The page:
by Chris Martenson, Peak Prosperity:
Superstorm Harvey continues to wreak epic damage to Texas, particularly Houston.
But it’s not the wind, it’s the rain. Epic, record-breaking, unbelievable amounts of rain.
It’s entirely possible that the entire region will not get back ‘to normal’ for months, if not years.
Vice President Mike Pence noted that given the “magnitude of the flooding” that “it will be years coming back.” (Source)
Tens of thousands of homes are flood damaged, many of them total losses. Only one-in-six Houston residences is thought to have flood insurance.
FEMA Director Brock Long said 30,000 are in temporary shelters with 450,000 expected to seek assistance. That may well grow if Harvey cycles back for another hit, which is quite likely at this time (see below).
The entire city of Houston is deserted except for rescue vehicles. So a major American city is not at work today. Or tomorrow. Or....???
A significant portion of the nation’s energy infrastructure is directly impacted by Harvey’s biblical rains and current total shutdown. Crude oil will accumulate there as refineries are unable to process it into fuel products. The prices for those same fuel products has been rising and will continue to spike higher. If this goes on for long enough, actual shortages will result.
The only mitigating factors working against the accumulation of crude at storage farms is the shutdown of wells in the Gulf as well as possibly a few wells in Texas' Eagle Ford region, for which no back-up power exists at the well sites. I don’t have any information on how extensive that might be yet. I'm just guessing at this point.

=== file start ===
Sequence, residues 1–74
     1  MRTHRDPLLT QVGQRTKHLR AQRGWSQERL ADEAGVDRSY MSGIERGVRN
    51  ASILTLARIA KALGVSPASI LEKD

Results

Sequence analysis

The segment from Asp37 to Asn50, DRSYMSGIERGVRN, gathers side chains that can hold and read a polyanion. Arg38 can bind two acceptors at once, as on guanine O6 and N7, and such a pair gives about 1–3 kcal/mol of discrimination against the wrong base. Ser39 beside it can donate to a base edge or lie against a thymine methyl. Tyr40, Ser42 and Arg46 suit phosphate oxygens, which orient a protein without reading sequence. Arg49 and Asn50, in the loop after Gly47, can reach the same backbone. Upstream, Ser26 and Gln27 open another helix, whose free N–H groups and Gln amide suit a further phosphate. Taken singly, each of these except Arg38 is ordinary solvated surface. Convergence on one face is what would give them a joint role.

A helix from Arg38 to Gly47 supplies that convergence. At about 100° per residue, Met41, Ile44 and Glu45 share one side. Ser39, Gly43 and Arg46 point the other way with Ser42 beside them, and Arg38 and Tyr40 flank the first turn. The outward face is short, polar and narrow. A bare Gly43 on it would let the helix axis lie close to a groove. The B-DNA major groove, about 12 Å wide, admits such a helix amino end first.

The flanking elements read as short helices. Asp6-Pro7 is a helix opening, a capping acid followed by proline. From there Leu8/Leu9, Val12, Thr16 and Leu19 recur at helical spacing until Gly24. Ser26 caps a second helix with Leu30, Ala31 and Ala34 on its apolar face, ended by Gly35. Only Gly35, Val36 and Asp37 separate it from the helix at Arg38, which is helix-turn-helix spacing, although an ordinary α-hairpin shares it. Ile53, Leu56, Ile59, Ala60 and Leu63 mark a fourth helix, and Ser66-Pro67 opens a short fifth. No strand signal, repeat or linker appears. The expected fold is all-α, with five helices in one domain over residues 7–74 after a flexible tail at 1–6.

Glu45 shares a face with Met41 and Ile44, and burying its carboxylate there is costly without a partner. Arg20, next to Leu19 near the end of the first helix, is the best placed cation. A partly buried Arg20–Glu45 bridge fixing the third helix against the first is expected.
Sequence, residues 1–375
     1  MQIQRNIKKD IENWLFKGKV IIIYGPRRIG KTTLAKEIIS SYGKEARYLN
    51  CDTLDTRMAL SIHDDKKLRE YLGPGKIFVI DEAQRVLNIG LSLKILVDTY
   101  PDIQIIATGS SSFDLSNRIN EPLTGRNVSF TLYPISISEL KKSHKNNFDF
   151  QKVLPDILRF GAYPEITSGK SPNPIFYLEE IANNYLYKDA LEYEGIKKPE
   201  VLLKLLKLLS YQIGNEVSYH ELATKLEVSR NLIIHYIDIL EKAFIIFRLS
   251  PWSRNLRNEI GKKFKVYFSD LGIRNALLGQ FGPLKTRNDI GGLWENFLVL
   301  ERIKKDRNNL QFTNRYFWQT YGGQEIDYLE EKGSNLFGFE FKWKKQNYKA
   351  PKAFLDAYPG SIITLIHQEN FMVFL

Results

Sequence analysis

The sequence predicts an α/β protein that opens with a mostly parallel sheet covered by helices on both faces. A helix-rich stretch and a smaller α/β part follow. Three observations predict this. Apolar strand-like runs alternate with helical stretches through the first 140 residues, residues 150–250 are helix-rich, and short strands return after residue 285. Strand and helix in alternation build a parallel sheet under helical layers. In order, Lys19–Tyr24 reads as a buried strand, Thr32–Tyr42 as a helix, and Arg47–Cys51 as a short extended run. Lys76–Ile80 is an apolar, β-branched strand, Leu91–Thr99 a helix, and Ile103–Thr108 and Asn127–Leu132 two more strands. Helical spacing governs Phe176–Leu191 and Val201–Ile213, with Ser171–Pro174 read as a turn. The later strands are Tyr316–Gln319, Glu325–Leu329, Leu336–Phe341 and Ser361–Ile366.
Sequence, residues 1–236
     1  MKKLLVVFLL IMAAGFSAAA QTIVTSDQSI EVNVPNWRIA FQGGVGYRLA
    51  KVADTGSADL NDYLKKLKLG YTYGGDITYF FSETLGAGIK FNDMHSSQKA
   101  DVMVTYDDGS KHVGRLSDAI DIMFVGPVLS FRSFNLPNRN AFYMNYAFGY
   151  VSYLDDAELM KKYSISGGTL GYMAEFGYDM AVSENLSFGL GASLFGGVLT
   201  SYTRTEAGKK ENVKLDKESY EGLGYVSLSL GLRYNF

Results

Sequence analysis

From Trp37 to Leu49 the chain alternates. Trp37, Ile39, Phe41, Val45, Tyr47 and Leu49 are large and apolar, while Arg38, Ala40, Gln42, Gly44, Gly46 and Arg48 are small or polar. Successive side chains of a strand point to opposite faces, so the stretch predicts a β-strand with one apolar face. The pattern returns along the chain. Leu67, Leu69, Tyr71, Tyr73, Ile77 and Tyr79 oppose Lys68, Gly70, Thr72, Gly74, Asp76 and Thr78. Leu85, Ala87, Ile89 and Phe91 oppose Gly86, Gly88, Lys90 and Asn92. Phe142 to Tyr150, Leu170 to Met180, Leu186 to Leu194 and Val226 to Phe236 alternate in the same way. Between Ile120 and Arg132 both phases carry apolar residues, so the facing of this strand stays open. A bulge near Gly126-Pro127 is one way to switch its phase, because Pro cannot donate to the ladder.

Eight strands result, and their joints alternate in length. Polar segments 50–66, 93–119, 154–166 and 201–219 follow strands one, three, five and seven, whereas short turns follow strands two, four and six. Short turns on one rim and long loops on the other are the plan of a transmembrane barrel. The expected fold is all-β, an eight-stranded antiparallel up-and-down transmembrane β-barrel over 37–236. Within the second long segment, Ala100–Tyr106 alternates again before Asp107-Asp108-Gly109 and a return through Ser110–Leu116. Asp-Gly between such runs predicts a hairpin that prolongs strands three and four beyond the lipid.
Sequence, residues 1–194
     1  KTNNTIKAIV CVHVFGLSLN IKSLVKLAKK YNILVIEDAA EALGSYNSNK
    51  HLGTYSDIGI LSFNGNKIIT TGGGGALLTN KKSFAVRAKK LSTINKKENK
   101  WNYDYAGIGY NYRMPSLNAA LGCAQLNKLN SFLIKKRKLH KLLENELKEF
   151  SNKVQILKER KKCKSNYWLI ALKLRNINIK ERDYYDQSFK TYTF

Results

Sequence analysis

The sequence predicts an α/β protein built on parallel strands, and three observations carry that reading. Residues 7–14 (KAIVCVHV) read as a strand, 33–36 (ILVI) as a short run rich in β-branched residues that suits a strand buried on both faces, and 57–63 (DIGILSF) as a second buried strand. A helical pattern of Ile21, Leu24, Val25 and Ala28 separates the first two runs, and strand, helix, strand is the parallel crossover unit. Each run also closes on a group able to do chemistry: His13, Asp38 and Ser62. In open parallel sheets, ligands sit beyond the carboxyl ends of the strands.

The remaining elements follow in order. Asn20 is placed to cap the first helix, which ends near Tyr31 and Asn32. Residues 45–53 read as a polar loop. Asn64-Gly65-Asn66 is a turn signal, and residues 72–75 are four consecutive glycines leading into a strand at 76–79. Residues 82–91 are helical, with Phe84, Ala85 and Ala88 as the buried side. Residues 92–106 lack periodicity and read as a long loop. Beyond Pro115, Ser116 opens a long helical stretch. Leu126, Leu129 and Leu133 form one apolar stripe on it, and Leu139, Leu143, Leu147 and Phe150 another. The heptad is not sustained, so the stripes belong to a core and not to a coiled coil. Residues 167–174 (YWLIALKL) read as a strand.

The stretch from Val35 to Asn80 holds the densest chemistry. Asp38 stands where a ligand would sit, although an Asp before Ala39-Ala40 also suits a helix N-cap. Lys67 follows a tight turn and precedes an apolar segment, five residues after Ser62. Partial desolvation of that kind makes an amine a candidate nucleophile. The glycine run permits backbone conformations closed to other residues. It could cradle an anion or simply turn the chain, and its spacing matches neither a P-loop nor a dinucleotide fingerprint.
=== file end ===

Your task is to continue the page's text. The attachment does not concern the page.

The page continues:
Rivers in Houston are not expected to crest until Tuesday, at some 11 feet (!!) higher than their current “major flood” stage (forecast as of 2:15 a.m. August 28th, 2017).
There’s no historical parallel for this level of flooding, so we’ll just have to wait and see how this all plays out.
The good news is that the past 24 hours have seen relatively little rainfall (just under an inch).
The really bad news is that the latest models show Harvey heading back into the Gulf, picking up more moisture and power, possibly becoming a hurricane again, and then coming back ashore aimed straight for a second savaging of Houston:
That would be thoroughly cruel to those who's lives have already been upended by this storm. But nature can be rather remorseless that way.
As the WSJ put it this morning:
HOUSTON—Tropical Storm Harvey was poised to re-enter the Gulf of Mexico Monday and make another landfall closer to Houston roughly two days later, prolonging the slow-motion flooding disaster that already has crippled one of the nation’s largest metropolitan areas.
The storm, still over coastal Texas, is not expected to regain hurricane strength as its eye moves back over water, according to the National Hurricane Center. But its plodding, easterly track means as much as 20 more inches of rain could fall on the Houston area. The region has seen as much as 30 inches in recent days, turning roads into rivers, inundating homes and requiring rescues for thousands of stranded people.
The historic rains, already more than half of what Houston gets in a typical year, were forcing officials to make painful decisions to evacuate flooded areas—and to release water from reservoirs under strain, knowing that it would flow into nearby neighborhoods
20 more inches might fall. This is really without any precedent. It’s a very serious situation and people are mostly shocked and unable to process the enormity of this at the moment.
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